The experiences and rights of refugees are often discussed and subsumed under the broader consideration of human rights. However, when addressing the experiences of refugees, gender cannot be ignored. People’s experiences, in general, depend on one’s gender. This is only exacerbated when in conflict and recovery zones, like refugee camps, where women are significantly disadvantaged.
There is a pervasive epidemic that is plaguing almost every single refugee camp around the world: sexual and gender-based violence against women. In a recent report, the International Rescue Committee found an overall increase in violence against women following the start of the COVID-19 epidemic and quarantines. There was a 51% increase in sexual violence, 73% increase in intimate partner violence, and a 32% rise in early and forced marriages. These women enter these camps hoping to escape the horrors that have overtaken their homes, but are met with continued violence. The reality is that they often risk being targeted by perpetrators, sometimes by those they thought were there to protect them, such as border security forces and refugee camp workers. In a 2018 interview with Amnesty International, a Syrian national displaced in a Greek refugee camp expressed her fears and concerns over her safety, describing her experience as unsafe and uncomfortable. These fears are propagated during everyday activities, like taking showers, which have become dangerous missions with broken locks and cramped spaces. These women often endure appalling conditions while simultaneously dealing with past trauma and abuse. While over four years have passed since the interview, these issues remain and persist worldwide for internally displaced persons (IDP) in refugee camps.
Cox’s Bazar, a port city in Bangladesh, is home to one of the largest refugee camps, with over 800,000 Rohingya refugees fleeing violent persecution in Burma (Myanmar). According to data from the International Rescue Committee, one in four Rohingya women in Bangladesh refugee camps has been affected by gender-based violence. Women in these camps have faced increased unpaid care work and more significant risks to their physical and mental health – which became more pronounced with the COVID-19 pandemic. Women have minimal and ineffective access to lifesaving services and support. Since there are no formal justice systems and crime and power-based violence pervades with impunity, women are terrified to seek help from those who oversee the refugee camps. However, this is not unique to the Cox’s Bazar refugee camp. According to a research series published by the United Nations Human Rights Council (UNHRC), the scope and applicable policies of the legal framework in refugee camps are extremely stringent and limiting – further fostering fear and apprehension for those who seek charges against those who have wronged them. For women in refugee camps, it has become a never-ending cycle of trauma and abuse.
Despite resolutions and declarations at the highest level aimed at protecting female refugees, current reports demonstrate that gender-based violence is a persistent and deep-seated problem. Organizations like the United Nations (UN) have repeatedly taken steps to try and combat violence against women, especially displaced women. Some of these consist of The Convention on the Elimination of All Forms of Discrimination against Women and the Resolution on Women, Peace, and Security. Both aim to mitigate violence against women in camps. The latter recommended an amendment to the existing code of conduct that prevents sex crimes by introducing adequate control and accountability mechanisms. Moreover, the resolution acknowledged the need to prevent assaults committed by border forces and aid workers by diversifying peacekeeping troops, civilian police, and military observers. Although policy is already in place, the situation of violence against displaced women is ongoing due to ineffective implementation.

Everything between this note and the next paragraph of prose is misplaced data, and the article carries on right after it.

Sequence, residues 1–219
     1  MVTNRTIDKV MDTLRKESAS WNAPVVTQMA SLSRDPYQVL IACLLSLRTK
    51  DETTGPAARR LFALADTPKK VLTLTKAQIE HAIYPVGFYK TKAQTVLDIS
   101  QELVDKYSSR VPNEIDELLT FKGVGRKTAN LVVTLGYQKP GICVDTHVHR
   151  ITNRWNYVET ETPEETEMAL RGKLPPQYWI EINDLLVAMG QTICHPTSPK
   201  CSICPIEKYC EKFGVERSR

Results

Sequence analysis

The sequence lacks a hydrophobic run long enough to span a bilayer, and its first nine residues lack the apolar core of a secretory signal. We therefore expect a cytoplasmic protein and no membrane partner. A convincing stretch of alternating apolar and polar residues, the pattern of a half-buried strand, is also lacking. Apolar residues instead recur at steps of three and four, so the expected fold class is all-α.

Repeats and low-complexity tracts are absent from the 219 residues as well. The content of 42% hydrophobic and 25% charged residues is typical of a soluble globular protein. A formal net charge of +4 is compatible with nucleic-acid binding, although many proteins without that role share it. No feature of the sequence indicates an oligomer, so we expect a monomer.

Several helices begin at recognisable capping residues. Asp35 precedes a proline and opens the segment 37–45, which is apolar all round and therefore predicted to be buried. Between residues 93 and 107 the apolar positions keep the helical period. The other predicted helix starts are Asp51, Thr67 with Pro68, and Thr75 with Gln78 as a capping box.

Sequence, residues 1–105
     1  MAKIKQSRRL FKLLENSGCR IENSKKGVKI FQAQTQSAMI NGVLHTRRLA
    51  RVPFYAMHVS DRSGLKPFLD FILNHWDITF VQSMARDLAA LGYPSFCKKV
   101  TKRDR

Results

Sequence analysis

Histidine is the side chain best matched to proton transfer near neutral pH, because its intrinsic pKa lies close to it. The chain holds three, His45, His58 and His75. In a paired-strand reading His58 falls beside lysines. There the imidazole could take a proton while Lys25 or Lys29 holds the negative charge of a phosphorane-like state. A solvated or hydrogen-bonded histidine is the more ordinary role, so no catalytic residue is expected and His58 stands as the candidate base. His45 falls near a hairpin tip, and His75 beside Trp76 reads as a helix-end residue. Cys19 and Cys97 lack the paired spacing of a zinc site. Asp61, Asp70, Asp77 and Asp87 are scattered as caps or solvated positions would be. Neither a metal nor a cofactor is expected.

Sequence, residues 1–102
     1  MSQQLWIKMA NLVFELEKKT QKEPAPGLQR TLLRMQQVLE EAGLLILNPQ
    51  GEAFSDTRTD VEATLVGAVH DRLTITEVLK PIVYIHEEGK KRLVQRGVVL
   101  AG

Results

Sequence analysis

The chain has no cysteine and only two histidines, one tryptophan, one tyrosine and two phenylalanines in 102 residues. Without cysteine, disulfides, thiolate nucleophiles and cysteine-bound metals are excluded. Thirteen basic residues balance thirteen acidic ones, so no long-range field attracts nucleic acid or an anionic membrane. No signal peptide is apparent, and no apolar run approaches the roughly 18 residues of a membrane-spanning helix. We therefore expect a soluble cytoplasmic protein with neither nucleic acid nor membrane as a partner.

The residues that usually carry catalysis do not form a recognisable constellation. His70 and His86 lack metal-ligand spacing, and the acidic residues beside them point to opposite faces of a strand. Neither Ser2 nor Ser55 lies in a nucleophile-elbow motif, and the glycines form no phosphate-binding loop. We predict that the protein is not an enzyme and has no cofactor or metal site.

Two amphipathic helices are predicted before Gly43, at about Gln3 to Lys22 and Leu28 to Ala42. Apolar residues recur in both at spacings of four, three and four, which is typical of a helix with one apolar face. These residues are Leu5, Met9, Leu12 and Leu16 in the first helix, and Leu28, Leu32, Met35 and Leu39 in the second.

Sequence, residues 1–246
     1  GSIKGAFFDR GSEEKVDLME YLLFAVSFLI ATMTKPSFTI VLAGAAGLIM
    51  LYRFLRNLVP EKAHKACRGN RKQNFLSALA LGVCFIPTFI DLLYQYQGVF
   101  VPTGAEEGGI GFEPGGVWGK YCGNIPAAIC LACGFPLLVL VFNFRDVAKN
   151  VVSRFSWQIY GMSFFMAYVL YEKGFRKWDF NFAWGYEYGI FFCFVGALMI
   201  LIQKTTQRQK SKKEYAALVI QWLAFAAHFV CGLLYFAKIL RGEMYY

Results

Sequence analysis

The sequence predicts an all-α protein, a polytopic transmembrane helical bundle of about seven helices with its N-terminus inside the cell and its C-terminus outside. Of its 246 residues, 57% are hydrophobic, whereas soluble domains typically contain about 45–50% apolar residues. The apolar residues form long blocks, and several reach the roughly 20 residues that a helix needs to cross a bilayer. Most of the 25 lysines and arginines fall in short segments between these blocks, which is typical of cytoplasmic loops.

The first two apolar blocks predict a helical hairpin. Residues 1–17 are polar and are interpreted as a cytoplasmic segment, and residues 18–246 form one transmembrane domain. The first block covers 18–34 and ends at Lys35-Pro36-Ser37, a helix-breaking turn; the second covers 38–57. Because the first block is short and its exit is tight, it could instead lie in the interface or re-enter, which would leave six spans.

The main issues in human security are effectively regulated, and the regulations are relatively detailed. However, time has shown that detailed regulations mean nothing without effective implementation. The UNHCR and other international non-governmental organizations (INGOs) have worked to ensure the provision of guidelines for combatting sexual violence, but states have to abide by these rules and actively implement the policies. Moreover, camps lack administrative staff dedicated to safety, counseling, and legal support. Since shelters and counseling centers for victims are consistently overpacked and lack the necessary support services, the risk of revictimization is high. Further, victims cannot address their claims to a court and are victimized once again by the system supposedly created to aid them. The complex and stringent use of legal sources available at camps often complicates securing protection and validation for women. The roles of mobile courts must be expanded, and visits to the camps must become more routine and accessible to victims. Furthermore, access to shelters and counseling centers need to be equipped with the necessary support services, like interpreters, in order to avoid risking the isolation and alienation of victims.
The human rights and dignity of displaced women must be safeguarded. Policies are often already set in place, but it is up to the camps and the host countries to act and actively implement these policies. The UNHCR must form a committee whose sole purpose is monitoring policy implementation in refugee and IDP camps to ensure the safety of its residents.